by Rhonda Smith, Reporter, Bloomberg BNA | Erica M. Deuso holds two jobs at Johnson & Johnson: lean deployment analyst for strategic business improvement and gender transition liaison, an unpaid, though equally important, role.
As the liaison, Deuso volunteers as the ‘‘go- between’’ to assist line managers, human resources, and all other employees—about 129,000 worldwide—when a coworker transitions from one gender to another.
Deuso herself underwent a gender transition, with her first day at work as a female on Nov. 1, 2011. ‘‘I facilitate meetings with other people and guide the transitioner through the process,’’ she explained Oct. 31, during the Out & Equal Workplace Summit in Baltimore.
‘‘There’s a process you go through in communication, telling other people and working through different problems that arise.’’
Companies such as Boeing and Google have gender transition liaisons, Deuso said. For a majority of employers, however, it is a relatively new concept.
Out & Equal Workplace Advocates, an organization based in San Francisco that focuses on ending employment discrimination for lesbian, gay, bisexual, and transgender employees, sponsored the conference.
Gender Transition Guidelines. Deuso, who is based in Radnor, Pa., is updating Johnson & Johnson’s Workplace Gender Transition Guidelines, a 17-page document that outlines what is involved in the process, what health benefits are available through the company, and definitions of various terms. The guidelines, which have not been released publicly, are geared toward employees who are undergoing a gender transition as well as those who are not, but might have questions.
Jenna R. Cook, a manager in Johnson & Johnson’s regulatory medical writing division, began working at the company in 2005, and decided to transition from male to female in 2009. Cook told a human resources representative about her plan in early 2011.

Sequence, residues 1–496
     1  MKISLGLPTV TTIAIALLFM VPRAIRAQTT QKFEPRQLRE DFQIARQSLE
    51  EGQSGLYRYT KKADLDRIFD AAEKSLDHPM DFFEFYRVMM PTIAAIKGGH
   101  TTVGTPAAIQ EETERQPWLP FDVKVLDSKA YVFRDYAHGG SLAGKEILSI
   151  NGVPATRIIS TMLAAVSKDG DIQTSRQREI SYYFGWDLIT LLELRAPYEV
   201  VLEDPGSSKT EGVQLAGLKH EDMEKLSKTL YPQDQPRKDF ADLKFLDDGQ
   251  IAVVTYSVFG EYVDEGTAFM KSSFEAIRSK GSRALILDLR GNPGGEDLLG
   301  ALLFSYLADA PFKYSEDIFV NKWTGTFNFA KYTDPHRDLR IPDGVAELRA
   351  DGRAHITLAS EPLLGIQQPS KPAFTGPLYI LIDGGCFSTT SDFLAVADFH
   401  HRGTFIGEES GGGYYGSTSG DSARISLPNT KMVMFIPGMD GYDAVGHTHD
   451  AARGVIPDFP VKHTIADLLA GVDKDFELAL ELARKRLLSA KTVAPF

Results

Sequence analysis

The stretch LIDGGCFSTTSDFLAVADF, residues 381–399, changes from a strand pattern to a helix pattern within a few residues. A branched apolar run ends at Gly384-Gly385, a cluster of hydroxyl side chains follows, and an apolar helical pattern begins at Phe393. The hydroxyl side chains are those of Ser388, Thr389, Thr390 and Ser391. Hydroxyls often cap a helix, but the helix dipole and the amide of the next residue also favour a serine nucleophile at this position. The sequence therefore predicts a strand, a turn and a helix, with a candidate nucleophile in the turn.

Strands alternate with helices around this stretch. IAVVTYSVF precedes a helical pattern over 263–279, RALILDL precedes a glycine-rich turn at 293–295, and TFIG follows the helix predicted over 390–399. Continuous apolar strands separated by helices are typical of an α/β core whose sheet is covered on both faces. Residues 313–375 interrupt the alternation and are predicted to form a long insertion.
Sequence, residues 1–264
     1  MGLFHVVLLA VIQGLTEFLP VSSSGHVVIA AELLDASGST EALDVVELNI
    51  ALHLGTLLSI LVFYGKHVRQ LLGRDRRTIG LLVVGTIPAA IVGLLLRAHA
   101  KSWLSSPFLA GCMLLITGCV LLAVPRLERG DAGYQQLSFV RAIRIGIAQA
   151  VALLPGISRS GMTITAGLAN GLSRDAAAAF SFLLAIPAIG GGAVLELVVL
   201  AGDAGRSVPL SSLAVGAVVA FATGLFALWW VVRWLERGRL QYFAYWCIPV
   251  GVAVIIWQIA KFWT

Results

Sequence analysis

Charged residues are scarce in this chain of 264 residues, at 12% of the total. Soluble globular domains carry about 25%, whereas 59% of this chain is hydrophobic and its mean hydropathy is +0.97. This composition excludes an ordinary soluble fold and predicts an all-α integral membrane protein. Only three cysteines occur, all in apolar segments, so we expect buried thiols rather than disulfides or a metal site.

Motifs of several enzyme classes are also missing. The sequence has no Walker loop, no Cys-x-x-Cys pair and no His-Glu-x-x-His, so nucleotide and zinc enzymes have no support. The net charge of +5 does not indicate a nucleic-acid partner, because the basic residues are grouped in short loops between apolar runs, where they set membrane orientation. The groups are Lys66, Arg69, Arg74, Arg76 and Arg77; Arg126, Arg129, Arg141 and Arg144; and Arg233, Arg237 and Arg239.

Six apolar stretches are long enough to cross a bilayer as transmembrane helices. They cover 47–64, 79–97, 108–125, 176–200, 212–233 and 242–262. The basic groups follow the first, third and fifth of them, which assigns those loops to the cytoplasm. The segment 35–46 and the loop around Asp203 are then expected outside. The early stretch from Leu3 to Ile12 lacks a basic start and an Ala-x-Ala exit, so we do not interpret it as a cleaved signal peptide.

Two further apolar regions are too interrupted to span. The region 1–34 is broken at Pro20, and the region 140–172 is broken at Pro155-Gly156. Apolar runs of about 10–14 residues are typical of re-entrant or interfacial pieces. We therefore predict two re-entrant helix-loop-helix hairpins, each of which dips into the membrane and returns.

‘‘My immediate manager, a member of the company’s Gay and Lesbian Organization for Business and Leadership (GLOBAL) affinity group, introduced me to Erica,’’ Cook said during her presentation with Deuso. ‘‘We started following Erica’s transition guidelines.’’
Meetings, Followed by Announcement. After Cook and Deuso met, various meetings took place with other managers at Johnson & Johnson, which operates 250 companies in 57 countries. The company, based in New Brunswick, N.J., makes consumer products, prescription medicines, and medical devices.
‘‘Working with management and HR, plans were made for staged announcements,’’ including to Cook’s colleagues in various countries. With assistance from her managers and HR, Cook made the grand announcement to her immediate co-workers Jan. 25, 2012.
‘‘I introduced myself as being transgendered and then illustrated why I was transitioning,’’ Cook said. ‘‘The response and support I received was unbelievable. I didn’t get chastised—no hate mail or anything.’’
Some of what Deuso and Cook experienced was similar, they said.
‘‘We both started out with HR being our ally,’’ Cook said. ‘‘We both told management long before actually transitioning.’’
But their experiences were not identical.
‘‘I did face a little bit of dissent from people I knew on a casual basis,’’ Deuso said. ‘‘There are three distinct groups: those who immediately accept, those who are indifferent, and those who are against it.’’
Nonetheless, neither Deuso nor Cook seemed to have any regrets.
Deuso noted that New Jersey’s law against employment discrimination includes protection against bias based on sexual orientation and gender identity. Also, she said, Johnson & Johnson provides transgender employees with comprehensive medical coverage, through Aetna and Cigna, for care related to their transitions.
‘‘Every transition is different and entails different challenges,’’ Deuso said. ‘‘The key to a successful transition is not disrupting the business and keeping your end of the bargain.’’
Also, she said, ‘‘The most important facet to any transition is open, continuous, and visible management support.’’
Reproduced with permission from Human Resources Report, 30 HRR 1202 (Nov. 5, 2013). Copyright 2013 by The Bureau of National Affairs, Inc. (800-372-1033)